As you may have guessed, I do have some ideas. To start, it’s a story that means more than the sum of its parts. It has to be. The main characters are a couple of unwed teenage parents, their newborn child, a bunch of glowing angels, and some shepherds, still smelling of the open fields and the sheep they care for. The setting is rather odd, too. A barn in a small Middle Eastern town when there was no room in their family members’ houses or an inn. And all this taking place in a country that was riddled with war and under the power of an oppressive military regime. Yet, this is the time, this is the place, these are the people with which God begins tells the most beautiful story we will ever hear.
And this is just one piece of a larger story. We spent the last 4 weeks hearing stories of others who came before him, the prophesies he would fulfill. Jesus wasn’t just born to be born. God did not come to earth to just see what it was like. No. Like any great saga, after this story, there are many, many more. Jesus will show us a new life, will teach us how the kingdom of God works, will suffer and die and rise again to give all people salvation and eternal life. As we hear this story, we know that this will happen (actually, that it has already happened) but for now, he’s a helpless child who is wrapped in swaddling cloth, lying in a bed of coarse straw, hearing the braying and commotion of animals in a barn. Right now, the story begins.
And maybe the best part about this story is the fact that it is for everybody. Jesus wasn’t born just for the people in Bethlehem of Judea. He wasn’t born just for the Hebrew people or the people who have their whole life together or who know what to say at the right time. Jesus was born for you. And there’s nothing you did or will do, nothing you can think, say, or be that will change that. Jesus was born for you and not just the good parts of you, but all of you.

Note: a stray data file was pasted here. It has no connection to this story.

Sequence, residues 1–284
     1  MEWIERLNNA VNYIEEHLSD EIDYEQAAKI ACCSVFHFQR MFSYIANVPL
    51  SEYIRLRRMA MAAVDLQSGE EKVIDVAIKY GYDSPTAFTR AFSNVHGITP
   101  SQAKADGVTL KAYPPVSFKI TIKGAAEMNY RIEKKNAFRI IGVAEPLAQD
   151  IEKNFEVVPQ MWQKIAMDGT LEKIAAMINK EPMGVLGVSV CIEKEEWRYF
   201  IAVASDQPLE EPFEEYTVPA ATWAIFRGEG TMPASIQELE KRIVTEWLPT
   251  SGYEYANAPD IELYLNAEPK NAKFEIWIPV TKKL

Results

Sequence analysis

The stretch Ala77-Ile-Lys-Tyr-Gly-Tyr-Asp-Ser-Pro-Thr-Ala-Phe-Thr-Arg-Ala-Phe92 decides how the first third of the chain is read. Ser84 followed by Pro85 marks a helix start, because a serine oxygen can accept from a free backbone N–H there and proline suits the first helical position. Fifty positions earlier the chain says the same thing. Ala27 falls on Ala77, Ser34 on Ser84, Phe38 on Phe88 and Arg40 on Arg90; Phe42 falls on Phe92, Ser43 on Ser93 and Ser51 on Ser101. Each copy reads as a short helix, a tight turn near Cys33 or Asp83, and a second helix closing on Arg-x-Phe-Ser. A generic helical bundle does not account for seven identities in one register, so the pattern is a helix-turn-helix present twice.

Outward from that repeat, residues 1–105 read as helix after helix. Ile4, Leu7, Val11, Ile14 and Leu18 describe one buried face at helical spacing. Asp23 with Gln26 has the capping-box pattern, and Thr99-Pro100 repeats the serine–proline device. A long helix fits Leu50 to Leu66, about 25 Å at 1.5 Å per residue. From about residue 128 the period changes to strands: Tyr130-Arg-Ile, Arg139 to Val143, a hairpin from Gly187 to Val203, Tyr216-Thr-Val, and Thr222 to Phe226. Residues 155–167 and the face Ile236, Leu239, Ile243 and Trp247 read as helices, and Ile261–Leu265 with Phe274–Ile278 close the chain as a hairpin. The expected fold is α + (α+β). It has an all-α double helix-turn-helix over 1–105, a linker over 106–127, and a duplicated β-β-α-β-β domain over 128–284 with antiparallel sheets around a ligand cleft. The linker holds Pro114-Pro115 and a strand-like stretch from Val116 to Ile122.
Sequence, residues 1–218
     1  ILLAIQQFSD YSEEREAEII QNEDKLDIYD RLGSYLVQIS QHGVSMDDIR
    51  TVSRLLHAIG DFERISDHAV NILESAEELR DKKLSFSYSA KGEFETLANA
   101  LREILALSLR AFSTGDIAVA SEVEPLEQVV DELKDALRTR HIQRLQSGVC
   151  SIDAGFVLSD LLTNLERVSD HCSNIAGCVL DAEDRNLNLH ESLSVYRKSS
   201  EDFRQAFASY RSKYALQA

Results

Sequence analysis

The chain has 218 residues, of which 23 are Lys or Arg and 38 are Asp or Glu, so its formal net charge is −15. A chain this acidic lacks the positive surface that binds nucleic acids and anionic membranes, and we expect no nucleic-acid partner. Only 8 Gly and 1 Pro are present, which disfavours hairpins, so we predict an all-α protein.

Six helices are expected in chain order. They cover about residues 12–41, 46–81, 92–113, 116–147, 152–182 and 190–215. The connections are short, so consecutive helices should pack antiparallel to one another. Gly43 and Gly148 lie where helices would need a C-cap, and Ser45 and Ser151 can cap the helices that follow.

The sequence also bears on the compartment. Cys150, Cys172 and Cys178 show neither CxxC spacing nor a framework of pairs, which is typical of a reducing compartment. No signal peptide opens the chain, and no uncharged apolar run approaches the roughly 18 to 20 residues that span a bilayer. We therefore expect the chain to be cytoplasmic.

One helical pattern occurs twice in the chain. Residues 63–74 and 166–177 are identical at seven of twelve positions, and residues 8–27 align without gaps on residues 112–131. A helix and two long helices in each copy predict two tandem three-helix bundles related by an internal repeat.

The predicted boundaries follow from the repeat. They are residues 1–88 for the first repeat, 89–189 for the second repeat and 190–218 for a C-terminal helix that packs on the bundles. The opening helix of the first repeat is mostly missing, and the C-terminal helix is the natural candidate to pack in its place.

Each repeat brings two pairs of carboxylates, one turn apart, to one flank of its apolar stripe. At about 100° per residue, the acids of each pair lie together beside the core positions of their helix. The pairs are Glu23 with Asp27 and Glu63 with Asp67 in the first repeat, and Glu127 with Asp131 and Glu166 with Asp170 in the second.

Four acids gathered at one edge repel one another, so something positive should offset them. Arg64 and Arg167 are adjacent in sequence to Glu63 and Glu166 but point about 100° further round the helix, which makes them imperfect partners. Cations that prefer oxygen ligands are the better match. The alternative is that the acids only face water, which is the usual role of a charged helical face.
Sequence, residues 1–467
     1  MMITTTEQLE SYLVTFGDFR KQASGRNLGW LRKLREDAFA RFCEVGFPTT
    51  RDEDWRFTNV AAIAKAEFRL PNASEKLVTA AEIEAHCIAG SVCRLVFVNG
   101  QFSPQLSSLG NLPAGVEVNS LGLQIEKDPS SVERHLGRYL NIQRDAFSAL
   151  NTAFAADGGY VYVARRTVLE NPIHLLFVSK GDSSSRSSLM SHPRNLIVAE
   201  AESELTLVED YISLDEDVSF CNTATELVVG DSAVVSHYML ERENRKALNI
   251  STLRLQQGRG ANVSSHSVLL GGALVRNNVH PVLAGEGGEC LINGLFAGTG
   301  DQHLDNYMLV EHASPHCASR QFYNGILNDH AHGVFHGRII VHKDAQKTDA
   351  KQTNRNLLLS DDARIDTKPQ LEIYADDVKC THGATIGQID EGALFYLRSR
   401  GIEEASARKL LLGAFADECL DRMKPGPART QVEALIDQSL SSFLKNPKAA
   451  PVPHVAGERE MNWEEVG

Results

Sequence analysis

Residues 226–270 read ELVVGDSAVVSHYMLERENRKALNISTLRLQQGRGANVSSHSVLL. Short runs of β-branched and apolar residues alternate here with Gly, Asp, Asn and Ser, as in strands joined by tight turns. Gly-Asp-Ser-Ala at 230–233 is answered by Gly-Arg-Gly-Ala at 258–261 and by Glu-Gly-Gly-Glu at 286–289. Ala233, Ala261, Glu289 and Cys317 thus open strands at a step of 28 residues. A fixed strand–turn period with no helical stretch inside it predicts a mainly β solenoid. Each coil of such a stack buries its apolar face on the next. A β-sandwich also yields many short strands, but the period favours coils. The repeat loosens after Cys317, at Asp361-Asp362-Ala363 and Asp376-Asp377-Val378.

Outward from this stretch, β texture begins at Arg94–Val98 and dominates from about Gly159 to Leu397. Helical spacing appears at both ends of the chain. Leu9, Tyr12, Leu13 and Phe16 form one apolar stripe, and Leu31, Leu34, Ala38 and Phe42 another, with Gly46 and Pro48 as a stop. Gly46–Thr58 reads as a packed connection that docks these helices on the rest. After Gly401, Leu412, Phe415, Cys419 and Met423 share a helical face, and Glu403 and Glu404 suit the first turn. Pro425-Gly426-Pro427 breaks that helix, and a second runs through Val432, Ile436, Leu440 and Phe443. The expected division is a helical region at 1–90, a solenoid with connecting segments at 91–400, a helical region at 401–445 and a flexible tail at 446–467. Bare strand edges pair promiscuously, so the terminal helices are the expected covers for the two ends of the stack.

And the coolest part of all this is that it doesn’t even stop there! This story is for all people in all times in all places. And there’s nothing that we can ever do to change that or add to that. We maybe haven’t all heard it from a choir of angels, but we’ve heard it – maybe from a loving parent, maybe from a Charlie Brown Christmas special, maybe from reading it yourself, or maybe the first time you have heard this story is from a bearded, awkward seminary student. But, ultimately, who you heard it from doesn’t matter. This story doesn’t end with us, but continues to move outward to all people in all lands in all times. We can simply follow the example of those smelly shepherds – stop what you’re doing for a minute, come to the stable, and rejoice in what God is doing here. We come because we’ve heard the story.
“And the decree went out…” The story begins again, drawing us in, captivating our attentions and our thoughts. It begs us to listen again with a child’s heart, a heart that leaps for joy at the news of a new baby, a heart that longs to join in the story. We rejoice with the shepherds. We stand in awe with Mary and Joseph, knowing that God is in our midst. And we sing with the choirs of angels, joining our praise with theirs, singing our “Glorias”, “Harks”, and our “Joy to the World.” The wait is over, the story has begun, the Son of God is born. Alleluia and amen!